Run the Jewels, Purity Ring bring A-game to Fortress Fest

Not everything is bigger in Texas — and in the case of the first year of Fortress Fest, that wasn’t a bad thing.

Days after social media was aflutter with memes about the dumpster fire that was the first-year Fyre Festival that never got off the ground in the Bahamas, it was nice to attend a first-year festival that wasn’t trying to be too big for its britches. The Fort Worth-born event featured Run the Jewels and Purity Ring as headliners, with a number of other well-known acts to go with an undercard built mostly on Texas talent.

The scare of a storm delayed the start of the first day of action Saturday from 2 PM to 5 PM, causing for the cancellation of a few acts. But once gates opened at 5 PM, it was business as intended, albeit with some pretty cold winds blowing. This was not what I expected when I arrived to Texas from California.

Los Angeles-born and Dallas-raised producer and rapper Blue. The Misfit was the first act I caught. I wasn’t familiar, but his bio boasts that he did early work for Top Dawg Entertainment, including producing early Kendrick Lamar and ScHoolboy Q tracks. I found his set to be entertaining before I started to walk the grounds a bit.

Up next I caught local Fort Worth indie rockers The Burning Hotels. They gave a solid easy-going set, perfect for settling into the laid-back feel that the festival would take all weekend. Next I caught Houndmouth, who delivered one of the most energetic sets of the weekend. “It’s a little chilly out here but it’s better than Fyre Fest, I suppose,” one of the key members of the band remarked — a joke I expect many other bands at festivals to crack for the near future.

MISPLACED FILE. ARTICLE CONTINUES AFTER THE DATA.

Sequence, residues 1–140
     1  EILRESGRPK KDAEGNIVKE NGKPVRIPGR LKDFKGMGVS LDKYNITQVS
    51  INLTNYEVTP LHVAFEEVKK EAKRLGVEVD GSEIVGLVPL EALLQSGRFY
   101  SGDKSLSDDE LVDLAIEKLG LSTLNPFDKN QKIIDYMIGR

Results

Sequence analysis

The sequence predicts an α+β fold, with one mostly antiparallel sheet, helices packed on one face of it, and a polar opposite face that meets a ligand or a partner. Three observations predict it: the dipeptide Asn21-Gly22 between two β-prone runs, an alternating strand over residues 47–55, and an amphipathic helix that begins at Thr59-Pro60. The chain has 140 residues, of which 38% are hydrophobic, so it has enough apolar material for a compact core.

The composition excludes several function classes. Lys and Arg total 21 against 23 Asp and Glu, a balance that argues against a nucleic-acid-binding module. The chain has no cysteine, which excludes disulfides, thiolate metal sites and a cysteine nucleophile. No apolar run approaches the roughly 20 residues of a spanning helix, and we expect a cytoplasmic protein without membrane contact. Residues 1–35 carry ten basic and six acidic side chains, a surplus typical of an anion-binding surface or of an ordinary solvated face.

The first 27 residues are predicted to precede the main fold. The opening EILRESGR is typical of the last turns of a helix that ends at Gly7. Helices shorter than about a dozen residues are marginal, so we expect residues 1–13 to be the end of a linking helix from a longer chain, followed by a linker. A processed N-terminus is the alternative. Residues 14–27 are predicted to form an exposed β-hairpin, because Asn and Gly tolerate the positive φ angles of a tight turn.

Eventual headliners of the night Run the Jewels did a poster signing at the Garageland booth. Garageland are a SoCal art and concert poster company that have done tons of art for L.A. gigs and did an epic print specifically for Run the Jewels’ performance at Fortress Fest. The line was pretty long even 30 minutes before they were scheduled to sign.

Flying Lotus was next on the main stage, delivering one of the most psychedelic sets I’ve seen at a festival in quite some time. He had a sheet in front of him that served as a screen to go along with the screen behind him, and the visuals were insanely trippy. His experimental set was pretty awesome, and at the end he asked the crowd to throw weed on stage, and a baggy nearly struck him in the face. “This’ll do,” he laughed, before finishing his set up soon after.

Run the Jewels dropped the highest-energy set of the weekend, proving to me again that they are the best duo in hip-hop at the moment. It was my ninth time seeing RTJ, and they have yet to disappoint. Killer Mike and El-P have amazing chemistry, and they really know how to connect with their audiences.

The pit was intense as hands flew high in the air while they ran through their best material. The one slight bummer was the duo did barely an hour, and I’ve come to expect a festival headliner to go slightly longer than the rest of the acts on the bill. Still, no one seemed to leave disappointed.

On the first day, I ate some delicious fried rice from Cannon Chinese Kitchen and ended my night with some epic tacos from Salsa Limon. On Sunday, I started my day with a grilled cheese sandwich from Emojis Grilled Cheese Bar and a smoothie from JuiceLand.